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Why is Enceladus a possible home for life - and should we visit to find out?

Updated Thursday 20th April 2017

The Cassini spacecraft has had a look at Saturn's moon, and it could be perfect for life to form there. Dave Rothery reckons we need a closer look.

Enceladus seen from the Cassini spacecraft Copyrighted image Icon Copyright: NASA /JPL Enceladus, as seen by Cassini.

Ever since studies started suggesting that chemical reactions between water and rock on Saturn’s moon Enceladus could provide enough energy in the water to feed microbial life, scientists have been searching for proof that the right sort of reactions really do occur. The Conversation

And during its last dive through the icy plumes that Enceladus erupts into space in October 2015, the Cassini spacecraft has finally managed to find it – in the form of molecular hydrogen. The finding, published in Science, means the moon can now be considered highly likely to be suitable to host microbial life. In fact, the results should undermine the last strong objection from those who argue it could not.

Enceladus is a small (502km in diameter) moon with an icy surface, a rocky interior and an ocean of liquid water sandwiched between the two. Cassini discovered back in 2005 that Enceladus is venting water into space, in the form of plumes of ice crystals escaping from cracks in the surface. For a decade, Enceladus was the only icy moon where this was known to happen, but plumes have recently been found on Europa, too, a larger icy moon of Jupiter.

Cassini’s discovery led to it being re-tasked to fly through Enceladus’s plumes. There, in addition to water, it was able to identify traces of methane, ammonia, carbon monoxide, carbon dioxide, simple organic molecules and salts.

Enceladus cutaway, as described in the text Copyrighted image Icon Copyright: NASA / JPL Cutaway view inside Enceladus, showing where hot water and rock interact below the ice

Eventually, in March 2015, it detected microscopic particles of silica. By then, the composition of the plumes showed almost every sign that ocean water had reacted chemically with heated rock – altering the minerals of the rocky silicate seabed while the water became rich in chemicals.

Presumably, the ocean water is drawn into the rock, becomes heated, reacts chemically, and escapes back up to the ocean via “hydrothermal vents”. These exist on the floor of the Earth’s oceans, too, where the chemically charged water supports a rich ecology of microbes and other, more complex, life forms – requiring no sunlight.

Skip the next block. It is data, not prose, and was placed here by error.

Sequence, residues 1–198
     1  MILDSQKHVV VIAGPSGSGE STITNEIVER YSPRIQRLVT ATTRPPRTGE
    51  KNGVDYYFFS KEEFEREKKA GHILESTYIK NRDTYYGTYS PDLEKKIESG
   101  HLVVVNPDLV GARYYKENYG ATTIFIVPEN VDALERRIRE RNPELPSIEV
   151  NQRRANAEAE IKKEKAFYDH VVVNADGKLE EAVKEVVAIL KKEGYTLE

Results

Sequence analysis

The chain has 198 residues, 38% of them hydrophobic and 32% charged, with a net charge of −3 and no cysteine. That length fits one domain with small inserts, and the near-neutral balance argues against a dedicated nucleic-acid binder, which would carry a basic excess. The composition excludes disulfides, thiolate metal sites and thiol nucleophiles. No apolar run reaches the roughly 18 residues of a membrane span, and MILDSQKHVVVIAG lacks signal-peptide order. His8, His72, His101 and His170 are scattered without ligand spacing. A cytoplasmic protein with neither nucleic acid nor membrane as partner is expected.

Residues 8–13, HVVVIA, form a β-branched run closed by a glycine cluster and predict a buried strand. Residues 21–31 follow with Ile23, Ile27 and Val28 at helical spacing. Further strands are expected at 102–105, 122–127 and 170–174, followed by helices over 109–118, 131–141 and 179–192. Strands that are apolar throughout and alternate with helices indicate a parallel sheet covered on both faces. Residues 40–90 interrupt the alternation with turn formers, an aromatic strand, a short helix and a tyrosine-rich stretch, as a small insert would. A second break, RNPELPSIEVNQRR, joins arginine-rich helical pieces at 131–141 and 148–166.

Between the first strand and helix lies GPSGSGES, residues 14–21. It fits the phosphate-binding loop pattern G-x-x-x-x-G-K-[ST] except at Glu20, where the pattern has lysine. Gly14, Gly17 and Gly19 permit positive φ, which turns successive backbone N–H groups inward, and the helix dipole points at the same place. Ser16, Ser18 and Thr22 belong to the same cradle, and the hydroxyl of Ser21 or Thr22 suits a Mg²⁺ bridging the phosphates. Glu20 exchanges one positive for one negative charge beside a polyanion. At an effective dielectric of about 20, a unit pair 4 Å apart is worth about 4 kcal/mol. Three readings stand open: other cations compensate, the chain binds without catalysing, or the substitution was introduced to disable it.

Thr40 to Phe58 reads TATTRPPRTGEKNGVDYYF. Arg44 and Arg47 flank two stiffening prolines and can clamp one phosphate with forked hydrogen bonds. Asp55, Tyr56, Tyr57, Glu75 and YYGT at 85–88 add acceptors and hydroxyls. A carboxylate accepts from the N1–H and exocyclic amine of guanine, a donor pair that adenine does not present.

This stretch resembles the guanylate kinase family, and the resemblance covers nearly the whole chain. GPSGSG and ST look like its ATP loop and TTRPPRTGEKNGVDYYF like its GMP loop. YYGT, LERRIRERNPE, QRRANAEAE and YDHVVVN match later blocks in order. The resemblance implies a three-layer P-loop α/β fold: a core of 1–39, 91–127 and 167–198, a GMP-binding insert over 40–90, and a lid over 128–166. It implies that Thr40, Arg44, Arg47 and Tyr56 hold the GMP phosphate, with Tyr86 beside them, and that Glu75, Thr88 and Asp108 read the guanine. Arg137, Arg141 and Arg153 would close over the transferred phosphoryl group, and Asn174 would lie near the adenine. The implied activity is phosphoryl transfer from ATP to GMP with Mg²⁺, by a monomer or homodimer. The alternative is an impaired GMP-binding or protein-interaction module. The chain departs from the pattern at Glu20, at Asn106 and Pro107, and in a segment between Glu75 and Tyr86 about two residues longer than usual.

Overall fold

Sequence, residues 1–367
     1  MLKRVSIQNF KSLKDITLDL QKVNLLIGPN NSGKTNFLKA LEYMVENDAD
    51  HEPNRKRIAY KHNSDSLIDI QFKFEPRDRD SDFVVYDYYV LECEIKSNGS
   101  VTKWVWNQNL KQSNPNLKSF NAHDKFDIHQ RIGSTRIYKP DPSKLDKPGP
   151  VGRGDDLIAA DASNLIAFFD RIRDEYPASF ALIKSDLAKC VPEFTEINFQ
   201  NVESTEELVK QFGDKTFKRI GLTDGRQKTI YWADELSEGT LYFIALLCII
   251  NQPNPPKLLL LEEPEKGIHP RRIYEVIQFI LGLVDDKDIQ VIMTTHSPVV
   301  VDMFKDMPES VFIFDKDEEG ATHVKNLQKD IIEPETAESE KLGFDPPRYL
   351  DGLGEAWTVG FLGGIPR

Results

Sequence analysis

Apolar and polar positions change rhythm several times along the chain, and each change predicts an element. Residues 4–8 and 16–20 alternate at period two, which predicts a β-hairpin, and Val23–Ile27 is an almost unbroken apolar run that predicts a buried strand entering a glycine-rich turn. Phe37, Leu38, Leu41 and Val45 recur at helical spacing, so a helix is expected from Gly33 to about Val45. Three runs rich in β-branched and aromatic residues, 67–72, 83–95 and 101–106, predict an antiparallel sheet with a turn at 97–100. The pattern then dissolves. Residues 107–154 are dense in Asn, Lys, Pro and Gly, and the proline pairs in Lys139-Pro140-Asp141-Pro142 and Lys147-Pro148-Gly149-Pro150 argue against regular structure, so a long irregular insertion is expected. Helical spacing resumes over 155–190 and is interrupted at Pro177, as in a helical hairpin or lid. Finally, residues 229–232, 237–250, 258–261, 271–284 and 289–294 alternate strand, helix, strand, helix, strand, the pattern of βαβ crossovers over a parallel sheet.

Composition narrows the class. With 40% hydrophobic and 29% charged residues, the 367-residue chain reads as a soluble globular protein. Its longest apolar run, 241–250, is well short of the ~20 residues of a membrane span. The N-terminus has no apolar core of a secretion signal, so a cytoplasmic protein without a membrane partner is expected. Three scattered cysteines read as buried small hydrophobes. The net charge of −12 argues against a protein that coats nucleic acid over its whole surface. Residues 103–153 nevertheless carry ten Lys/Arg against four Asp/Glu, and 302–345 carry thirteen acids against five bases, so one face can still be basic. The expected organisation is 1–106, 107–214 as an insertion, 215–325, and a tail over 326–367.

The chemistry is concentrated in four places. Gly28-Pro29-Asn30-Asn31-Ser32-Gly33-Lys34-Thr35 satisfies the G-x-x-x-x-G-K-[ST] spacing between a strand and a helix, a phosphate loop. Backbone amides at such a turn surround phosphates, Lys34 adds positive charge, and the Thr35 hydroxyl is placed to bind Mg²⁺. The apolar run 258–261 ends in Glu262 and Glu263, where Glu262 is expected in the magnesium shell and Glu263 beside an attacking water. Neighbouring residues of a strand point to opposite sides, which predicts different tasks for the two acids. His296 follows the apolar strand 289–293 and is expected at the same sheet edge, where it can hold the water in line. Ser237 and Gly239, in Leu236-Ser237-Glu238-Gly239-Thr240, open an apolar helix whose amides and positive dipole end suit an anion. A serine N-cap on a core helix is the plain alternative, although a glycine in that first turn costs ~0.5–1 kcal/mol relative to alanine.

The only missing evidence of water-rock chemical reactions in Enceladus was molecules of hydrogen, which should be released as a byproduct of the water-rock reactions. Searching for hydrogen was a key goal of Cassini’s final and closest dive through the plumes.

The new study unveils how hydrogen was detected during the frantic half-minute when Cassini was about 120km above the surface of Enceladus, whizzing through a plume at 8.5km per second. This was achieved by operating the mass spectrometer (an instrument which knocks electrons off chemical substances and sorts them based on their mass-to-charge ratio) in a special mode. It admitted plume material directly into the instrument’s detection chamber to avoid the possibility of hydrogen being generated by plume-water reacting with the metallic components of the instrument itself.

The astrobiology

Hydrogen is of immense significance, because its presence along with hot water and rock would enable simple microbes to make a living. When dissolved carbon dioxide reacts with dissolved hydrogen, it produces methane and water. This chemical reaction releases energy that organisms can use to drive their metabolism. There are many kinds of “methanogenic” organisms at deep sea hydrothermal vents on Earth that do this. Now that we know Enceladus has all the necessary ingredients for this to happen, we are lacking only the proof of life itself.

For that we will need a purpose-built mission, such as the Enceladus Life Finder (ELF). This would collect and analyse any complex organic molecules in the plumes. It is hard to imagine a more important goal for solar system exploration than establishing whether a habitable environment, such as the warm bottom of Enceladus’s ocean, actually does host life.

Enceladus is a long way from Earth. If we were able to prove that it hosts life, it would be highly likely that such life had originated there, independently of life on Earth. That would be a crucial discovery. It would provide evidence to suggest that our galaxy is teeming with life, because if life began independently on two different bodies in our solar system, then surely it also got going on many of the potentially habitable planets that we are now finding around other stars.

Enceladus is a tiny world, and the amount of available energy and nutrients is small. Few scientists therefore expect it to host an ecosystem consisting of more than simple microbes. The much larger Europa, if it has life too, is a better prospect.

However, to protect Enceladus from the slightest risk of contamination by any terrestrial microbes that accidentally hitched a ride on Cassini, the craft will not be allowed to become a derelict object that might eventually crash onto its surface. Instead, the mission is facing its “grand finale”, a series of 22 orbits in which it will pass spectacularly between Saturn and its innermost ring. This will end with Cassini burning up in Saturn’s atmosphere.

This article was originally published on The Conversation. Read the original article.

 

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